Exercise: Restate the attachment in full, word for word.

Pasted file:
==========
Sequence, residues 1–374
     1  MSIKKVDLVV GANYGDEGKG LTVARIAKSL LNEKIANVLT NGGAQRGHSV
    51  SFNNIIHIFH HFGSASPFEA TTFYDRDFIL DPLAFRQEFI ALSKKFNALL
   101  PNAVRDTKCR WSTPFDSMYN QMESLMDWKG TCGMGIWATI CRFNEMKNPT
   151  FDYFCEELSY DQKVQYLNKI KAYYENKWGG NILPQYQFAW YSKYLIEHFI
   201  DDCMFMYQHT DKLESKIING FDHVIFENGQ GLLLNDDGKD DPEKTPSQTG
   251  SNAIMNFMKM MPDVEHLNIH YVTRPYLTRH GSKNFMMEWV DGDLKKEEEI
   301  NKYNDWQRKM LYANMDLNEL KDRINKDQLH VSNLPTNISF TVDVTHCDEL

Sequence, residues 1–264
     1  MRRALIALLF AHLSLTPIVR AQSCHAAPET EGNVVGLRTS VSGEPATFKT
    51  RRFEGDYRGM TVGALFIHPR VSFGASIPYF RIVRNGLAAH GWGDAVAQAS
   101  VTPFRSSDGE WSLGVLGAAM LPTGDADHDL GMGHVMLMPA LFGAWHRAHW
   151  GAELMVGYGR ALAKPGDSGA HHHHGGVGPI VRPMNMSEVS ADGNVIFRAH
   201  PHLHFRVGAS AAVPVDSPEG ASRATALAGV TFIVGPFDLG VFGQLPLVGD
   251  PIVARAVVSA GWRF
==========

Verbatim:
Sequence, residues 1–374
     1  MSIKKVDLVV GANYGDEGKG LTVARIAKSL LNEKIANVLT NGGAQRGHSV
    51  SFNNIIHIFH HFGSASPFEA TTFYDRDFIL DPLAFRQEFI ALSKKFNALL
   101  PNAVRDTKCR WSTPFDSMYN QMESLMDWKG TCGMGIWATI CRFNEMKNPT
   151  FDYFCEELSY DQKVQYLNKI KAYYENKWGG NILPQYQFAW YSKYLIEHFI
   201  DDCMFMYQHT DKLESKIING FDHVIFENGQ GLLLNDDGKD DPEKTPSQTG
   251  SNAIMNFMKM MPDVEHLNIH YVTRPYLTRH GSKNFMMEWV DGDLKKEEEI
   301  NKYNDWQRKM LYANMDLNEL KDRINKDQLH VSNLPTNISF TVDVTHCDEL

Sequence, residues 1–264
     1  MRRALIALLF AHLSLTPIVR AQSCHAAPET EGNVVGLRTS VSGEPATFKT
    51  RRFEGDYRGM TVGALFIHPR VSFGASIPYF RIVRNGLAAH GWGDAVAQAS
   101  VTPFRSSDGE WSLGVLGAAM LPTGDADHDL GMGHVMLMPA LFGAWHRAHW
   151  GAELMVGYGR ALAKPGDSGA HHHHGGVGPI VRPMNMSEVS ADGNVIFRAH
   201  PHLHFRVGAS AAVPVDSPEG ASRATALAGV TFIVGPFDLG VFGQLPLVGD
   251  PIVARAVVSA GWRF